What happened to Canada? (Ans: Corporate power is global)

This piece by Chris Hedges is from a few months ago, but the point he makes hasn’t somehow magically disappeared (h/t the aggregator blog anotheroldwoman for the article; the original appeared at truthdig.com.)

Hedges starts with a comparison — the “old” Canada, the one we think we remember, versus the new Canada, the one that actually sits on our borders. Here’s his opening (my emphasis and paragraphing everywhere):

What happened to Canada? It used to be the country we would flee to if life in the United States became unpalatable. No nuclear weapons. No huge military-industrial complex. Universal health care. Funding for the arts. A good record on the environment.

But that was the old Canada. I was in Montreal on Friday and Saturday and saw the familiar and disturbing tentacles of the security and surveillance state.

Canada has withdrawn from the Kyoto Accords so it can dig up the Alberta tar sands in an orgy of environmental degradation. It carried out the largest mass arrests of demonstrators in Canadian history at 2010’s G-8 and G-20 meetings, rounding up more than 1,000 people. It sends undercover police into indigenous communities and activist groups and is handing out stiff prison terms to dissenters.

And Canada’s Prime Minister Stephen Harper is a diminished version of George W. Bush. He champions the rabid right wing in Israel, bows to the whims of global financiers and is a Christian fundamentalist.

The voices of dissent sound like our own. And the forms of persecution are familiar. This is not an accident. We are fighting the same corporate leviathan.

This is the real shape of “globalization” as practiced since Ronald Reagan destroyed wafer-fab and computer-chip manufacturing in the U.S. The corporate war for power and profit is global.

As we wrote here, this is not the inevitable shape of globalization — it’s not the only way to globalize economic activity. But it’s the shape as practiced by the current CEO class, which controls (and drinks deep from) current corporate activity.

Hedges agrees:

The decay of Canada illustrates two things. Corporate power is global, and resistance to it cannot be restricted by national boundaries.

Corporations have no regard for nation-states. They assert their power to exploit the land and the people everywhere. They play worker off of worker and nation off of nation. They control the political elites in Ottawa as they do in London, Paris and Washington.

This, I suspect, is why the tactics to crush the Occupy movement around the globe have an eerie similarity—infiltrations, surveillance, the denial of public assembly, physical attempts to eradicate encampments, the use of propaganda and the press to demonize the movement, new draconian laws stripping citizens of basic rights, and increasingly harsh terms of incarceration.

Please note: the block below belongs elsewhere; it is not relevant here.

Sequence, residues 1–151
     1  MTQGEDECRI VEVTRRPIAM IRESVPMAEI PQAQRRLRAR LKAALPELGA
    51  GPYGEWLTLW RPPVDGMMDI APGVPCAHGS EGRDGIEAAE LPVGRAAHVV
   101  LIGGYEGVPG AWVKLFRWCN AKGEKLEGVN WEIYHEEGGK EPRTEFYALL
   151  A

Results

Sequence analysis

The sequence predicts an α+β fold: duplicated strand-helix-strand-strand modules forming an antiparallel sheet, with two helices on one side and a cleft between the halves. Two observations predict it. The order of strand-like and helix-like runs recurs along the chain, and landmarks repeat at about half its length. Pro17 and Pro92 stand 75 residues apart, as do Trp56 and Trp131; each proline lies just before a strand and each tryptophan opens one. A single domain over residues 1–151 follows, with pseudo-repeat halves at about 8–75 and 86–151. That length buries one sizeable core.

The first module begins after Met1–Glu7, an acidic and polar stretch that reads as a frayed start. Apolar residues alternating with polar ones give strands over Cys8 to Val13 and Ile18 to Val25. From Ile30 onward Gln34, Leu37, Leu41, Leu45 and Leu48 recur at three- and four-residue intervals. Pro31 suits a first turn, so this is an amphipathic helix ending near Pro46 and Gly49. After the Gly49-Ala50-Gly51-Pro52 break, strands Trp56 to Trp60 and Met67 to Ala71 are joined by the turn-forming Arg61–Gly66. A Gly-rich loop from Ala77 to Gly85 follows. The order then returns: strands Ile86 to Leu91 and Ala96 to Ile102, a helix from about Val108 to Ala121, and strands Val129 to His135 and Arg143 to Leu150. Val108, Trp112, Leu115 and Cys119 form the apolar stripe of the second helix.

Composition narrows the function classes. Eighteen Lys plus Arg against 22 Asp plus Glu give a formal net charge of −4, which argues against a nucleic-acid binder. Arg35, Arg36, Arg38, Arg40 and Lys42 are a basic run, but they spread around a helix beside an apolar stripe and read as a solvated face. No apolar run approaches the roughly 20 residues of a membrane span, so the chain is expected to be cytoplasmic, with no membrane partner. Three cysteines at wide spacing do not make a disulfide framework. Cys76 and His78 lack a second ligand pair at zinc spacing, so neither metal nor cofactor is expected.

This is not to depress you (it’s true whether you like it or not), but to educate. It looks to me like a world-wide war has started, but it’s being painted as sect against sect, nation against nation, skin color against skin color.

In fact, it’s simpler than that — our globally organized overlords, versus us.

Last point from Hedges, that resistance must cross borders as well, that we must join hands over walls that only appear to divide us:

Those who seek to discredit this movement employ the language of nationalism and attempt to make us fearful of the other. …

Canada’s Minister of Natural Resources Joe Oliver, responding to the growing opposition to the Keystone XL and the Northern Gateway pipelines, wrote in an open letter that “environmental and other radical groups” were trying to “hijack our regulatory system to achieve their radical ideological agenda.”

He accused pipeline opponents of receiving funding from foreign special interest groups and said that “if all other avenues have failed, they will take a quintessential American approach: sue everyone and anyone to delay the project even further.”

One of the most valuable and beneficial activities of the Vietnam War era were the teach-ins, where the Movement educated itself about what it was facing.

With that education, people understood how the U.S. replaced France in the fight against Ho Chi Minh, their former WWII ally, to whom they promised a free Southeast Asia after Japan, and later France, were defeated — that the “anti-Communist” frame, in other words, was a lie. Unity around a common understanding is both powerful and necessary.

So consider this a teach-in. We may disagree about our tactics — Is it better to resist under a Romney presidency or under Obama? Dunno — but we should not spend time disagreeing about the facts. These are the facts.

Letting us confuse “our overlords” with “our protectors” is their biggest weapon. Let’s take it from them, by seeing the world more clearly than they want us to (ahem, rule number 2 here).

Globally yours,

GP

(To follow on Twitter or to send links: @Gaius_Publius)
 


Gaius Publius is a professional writer living on the West Coast of the United States. Click here for more. Follow him on Twitter @Gaius_Publius and Facebook.

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